It's important to note that this will drop all columns which are not explicitly specified unless you include everything() as in PaulRougieux's comment – divibisan Mar 21 '19 at 16:40
  • dplyr's group will also rearrange the variables, so watch out when using that in a chain. – David Tonhofer Oct 18 '19 at 11:15
  • As of dplyr version 1.0.0 they added a relocate() function that's intuitive and easy to read. It's especially helpful if you just want to add columns after or before a specific column. – otteheng Dec 16 '20 at 20:49

Maybe it's a coincidence that the column order you want happens to have column names in descending alphabetical order. Since that's the case you could just do:


That's what I use when I have large files with many columns.

  • !! WARNING !! data.table turns TARGET into an int vector: TARGET <- TARGET[ , order(colnames(TARGET), decreasing=TRUE)] to fix that: TARGET <- as.data.frame(TARGET) TARGET <- TARGET[ , order(colnames(TARGET), decreasing=TRUE)] – Zachary Ryan Smith Aug 10 '18 at 0:51

dplyr version 1.0.0 includes the relocate() function to easily reorder columns:

dat <- data.frame(Time=c(1,2), In=c(2,3), Out=c(3,4), Files=c(4,5))

library(dplyr) # from version 1.0.0 only

dat %>%
  relocate(Out, .before = In)


dat %>%
  relocate(Out, .after = Time)
  • That's a very neat solution. Thanks! – Sandy Jul 5 at 8:53

You can use the data.table package:

How to reorder data.table columns (without copying)


The three top-rated answers have a weakness.

If your dataframe looks like this

df <- data.frame(Time=c(1,2), In=c(2,3), Out=c(3,4), Files=c(4,5))

> df
  Time In Out Files
1    1  2   3     4
2    2  3   4     5

then it's a poor solution to use

> df2[,c(1,3,2,4)]

It does the job, but you have just introduced a dependence on the order of the columns in your input.

This style of brittle programming is to be avoided.

The explicit naming of the columns is a better solution

data[,c("Time", "Out", "In", "Files")]

Plus, if you intend to reuse your code in a more general setting, you can simply

out.column.name <- "Out"
in.column.name <- "In"
data[,c("Time", out.column.name, in.column.name, "Files")]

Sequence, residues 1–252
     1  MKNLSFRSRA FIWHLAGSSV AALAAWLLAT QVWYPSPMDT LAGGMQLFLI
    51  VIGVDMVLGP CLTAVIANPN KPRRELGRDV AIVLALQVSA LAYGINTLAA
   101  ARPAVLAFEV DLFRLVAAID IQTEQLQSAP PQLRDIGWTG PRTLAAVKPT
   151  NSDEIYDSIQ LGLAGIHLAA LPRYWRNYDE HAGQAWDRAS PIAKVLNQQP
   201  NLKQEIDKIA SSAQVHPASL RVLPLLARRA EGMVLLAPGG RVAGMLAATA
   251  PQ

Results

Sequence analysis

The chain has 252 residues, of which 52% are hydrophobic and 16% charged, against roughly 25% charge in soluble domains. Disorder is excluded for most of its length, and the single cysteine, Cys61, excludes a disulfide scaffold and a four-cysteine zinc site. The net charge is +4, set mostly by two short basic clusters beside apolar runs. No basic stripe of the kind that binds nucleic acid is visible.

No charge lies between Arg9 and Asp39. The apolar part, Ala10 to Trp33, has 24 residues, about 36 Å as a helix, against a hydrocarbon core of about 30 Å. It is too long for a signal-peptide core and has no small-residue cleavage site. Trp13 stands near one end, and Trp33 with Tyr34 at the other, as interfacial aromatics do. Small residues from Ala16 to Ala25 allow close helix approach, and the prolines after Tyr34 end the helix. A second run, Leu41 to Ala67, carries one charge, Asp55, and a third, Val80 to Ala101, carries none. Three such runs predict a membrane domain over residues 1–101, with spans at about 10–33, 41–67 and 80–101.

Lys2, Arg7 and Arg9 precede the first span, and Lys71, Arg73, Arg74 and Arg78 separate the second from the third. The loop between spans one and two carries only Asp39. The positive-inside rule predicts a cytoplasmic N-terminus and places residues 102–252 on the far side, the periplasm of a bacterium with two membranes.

which is also quite nice because it fully isolates literals. By contrast, if you use dplyr's select

data <- data %>% select(Time, out, In, Files)

then you'd be setting up those who will read your code later, yourself included, for a bit of a deception. The column names are being used as literals without appearing in the code as such.

data.table::setcolorder(table, c("Out", "in", "files"))
  • pls state the library you take the function setcolorder from. – Triamus Jun 14 '19 at 9:44

The only one I have seen work well is from here.

 shuffle_columns <- function (invec, movecommand) {
      movecommand <- lapply(strsplit(strsplit(movecommand, ";")[[1]],
                                 ",|\\s+"), function(x) x[x != ""])
  movelist <- lapply(movecommand, function(x) {
    Where <- x[which(x %in% c("before", "after", "first",
    ToMove <- setdiff(x, Where)
    list(ToMove, Where)
  myVec <- invec
  for (i in seq_along(movelist)) {
    temp <- setdiff(myVec, movelist[[i]][[1]])
    A <- movelist[[i]][[2]][1]
    if (A %in% c("before", "after")) {
      ba <- movelist[[i]][[2]][2]
      if (A == "before") {
        after <- match(ba, temp) - 1
      else if (A == "after") {
        after <- match(ba, temp)
    else if (A == "first") {
      after <- 0
    else if (A == "last") {
      after <- length(myVec)
    myVec <- append(temp, values = movelist[[i]][[1]], after = after)

Use like this:

new_df <- iris[shuffle_columns(names(iris), "Sepal.Width before Sepal.Length")]

Works like a charm.